Midsize sedans are the bread and butter cars of most companies. Yet, even if typical bread and butter may seem like a bland food, that doesn’t stop these cars from being stylish, sporty, and fun to drive.
The best selling cars in the country are midsize sedans and the best selling cars for most automakers are their sedan offerings. The midsize sedan offers practicality without the reputation crushing style of a minivan.
At least, that’s what they want you to think.
The Toyota Camry was once the most popular car in the world and a year ago, the Camry’s annual American sales typically exceeded the total annual new car sales in the average European country.
There are many choices for car buyers and that allows people to demand many different things from these four door cars. Some people buy them as family cars, opting for more room over a compact sedan, without sacrificing small car handling and fuel economy. Other people like a bigger car over a smaller one and then there’s people who prefer the Honda Accord to the Civic because it has a bigger presence on the road. The larger car makes you feel safer and more secure during highway travel.
These are our top ten midsize cars under $30,000.
Hit the jump to read on.
10) Chrysler Sebring
There isn’t much to love about the midsize Chrysler except maybe the fact that you won’t have to keep it long when you buy it because it will most likely break down. That or you’ll just get tired of the dull interior and boring driving experience. Under the hood of the Sebring is a 2.4-liter four-cylinder motor with 173 horsepower. Step it up a notch and you can get the larger 2.7-liter V6 with 189 horsepower. Amazingly, with that many liters Chrysler could barely get 190 from the motor. The cost is around $20,500 for the base model and it goes up from there. So, if you want a cheap car that is, frankly, dull, this is your car.
9) Toyota Camry
Motor Trend feels that this car is the best in the midsize segment, but they are wrong. This car is as dull as dirt and it’s basically an appliance on wheels. The car is built to haul people and it does that well, but don’t expect to be moved by it. We, at TopSpeed, love cars that provide us that certain something, a sparkle that makes a good car great. This car lacks that sparkle and the steering is appalling. There is no feel in the wheel and there is way too much play at the dead center. It rolls in the corners and is way too big. The price for the Camry is around $19,950 for the base LE, but we would recommend the SE with the manual, that way you can inject a little life into the Camry . Under the hood is a 2.5-liter four-cylinder motor that delivers around 179 horsepower. It feels fast on the highway, but seriously, don’t buy this car.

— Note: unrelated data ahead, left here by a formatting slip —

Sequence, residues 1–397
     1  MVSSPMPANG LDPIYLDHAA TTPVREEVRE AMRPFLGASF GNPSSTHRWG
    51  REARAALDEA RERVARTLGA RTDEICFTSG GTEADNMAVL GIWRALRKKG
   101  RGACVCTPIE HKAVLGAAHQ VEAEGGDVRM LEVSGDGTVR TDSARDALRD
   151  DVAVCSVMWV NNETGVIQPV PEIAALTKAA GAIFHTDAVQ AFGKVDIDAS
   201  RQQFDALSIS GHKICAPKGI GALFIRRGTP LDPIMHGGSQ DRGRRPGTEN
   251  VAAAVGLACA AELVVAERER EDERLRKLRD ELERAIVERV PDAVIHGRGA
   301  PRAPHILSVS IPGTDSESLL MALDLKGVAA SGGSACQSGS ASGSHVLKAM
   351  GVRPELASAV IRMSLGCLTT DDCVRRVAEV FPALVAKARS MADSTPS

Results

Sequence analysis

8) Chevrolet Malibu
The Malibu isn’t in eighth because it’s a bad car, but the competition is so tough that the Malibu just isn’t ready to go against the big boys. The Chevrolet starts at $21,825 and goes up $26,995 for the high end model. Under the hood is either a 2.4-liter four-cylinder or a 3.6-liter six-cylinder engine. We would go with the four-cylinder model because the six-cylinder isn’t needed in this sort of car. The ride is good and the controls are very easy to use. We usually don’t like cars that look like cheaper versions of other cars, but that’s all right. The rear-seat space is cramped and the build quality is questionable. Not to mention you don’t get the kind of equipment that you would on other models.
7) Nissan Altima
We love the Altima on the track and the V6 SE-R is fantastic, but on the road, the car can be a bit hard. The exterior look is good, but the interior is average. To be honest, it’s a bit dull and some of the plastics are a bit below average. If you don’t get the navigation system the controls are boring and the interior is too black. We aren’t huge fans of the CVT transmission and the four-cylinder models are a bit uninteresting. In the base model, you get the 2.4-liter with 175 horsepower. The price is around $19,900 for the base model, a decent price, but we would pass if it were up to us.
6) Subaru Legacy